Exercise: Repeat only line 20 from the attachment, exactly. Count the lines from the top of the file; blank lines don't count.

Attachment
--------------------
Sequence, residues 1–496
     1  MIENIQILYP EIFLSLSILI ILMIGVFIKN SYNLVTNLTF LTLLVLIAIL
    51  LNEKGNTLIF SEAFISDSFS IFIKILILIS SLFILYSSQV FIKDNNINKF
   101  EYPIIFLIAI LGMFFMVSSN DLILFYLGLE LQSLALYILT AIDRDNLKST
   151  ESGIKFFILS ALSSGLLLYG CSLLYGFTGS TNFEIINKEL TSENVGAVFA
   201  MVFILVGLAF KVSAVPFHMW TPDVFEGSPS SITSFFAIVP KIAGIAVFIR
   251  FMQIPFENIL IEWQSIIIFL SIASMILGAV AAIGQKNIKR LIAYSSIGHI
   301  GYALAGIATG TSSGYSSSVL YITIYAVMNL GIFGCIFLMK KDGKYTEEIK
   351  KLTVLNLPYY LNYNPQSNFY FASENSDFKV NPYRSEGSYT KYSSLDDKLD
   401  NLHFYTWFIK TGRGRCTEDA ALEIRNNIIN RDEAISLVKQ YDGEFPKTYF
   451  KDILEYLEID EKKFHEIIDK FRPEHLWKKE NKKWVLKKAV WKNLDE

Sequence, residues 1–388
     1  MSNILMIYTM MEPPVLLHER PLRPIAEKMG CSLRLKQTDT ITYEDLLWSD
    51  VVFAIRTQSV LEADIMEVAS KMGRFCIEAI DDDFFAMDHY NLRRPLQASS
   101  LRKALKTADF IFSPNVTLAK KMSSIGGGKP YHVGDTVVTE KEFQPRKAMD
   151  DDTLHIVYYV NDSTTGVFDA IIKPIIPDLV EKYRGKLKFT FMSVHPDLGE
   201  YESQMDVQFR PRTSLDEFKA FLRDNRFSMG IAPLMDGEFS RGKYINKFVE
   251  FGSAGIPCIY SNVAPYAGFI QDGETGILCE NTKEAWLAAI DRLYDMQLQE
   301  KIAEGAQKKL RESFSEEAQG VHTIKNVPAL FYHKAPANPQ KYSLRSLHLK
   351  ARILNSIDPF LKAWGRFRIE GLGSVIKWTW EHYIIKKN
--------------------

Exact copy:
   351  ARILNSIDPF LKAWGRFRIE GLGSVIKWTW EHYIIKKN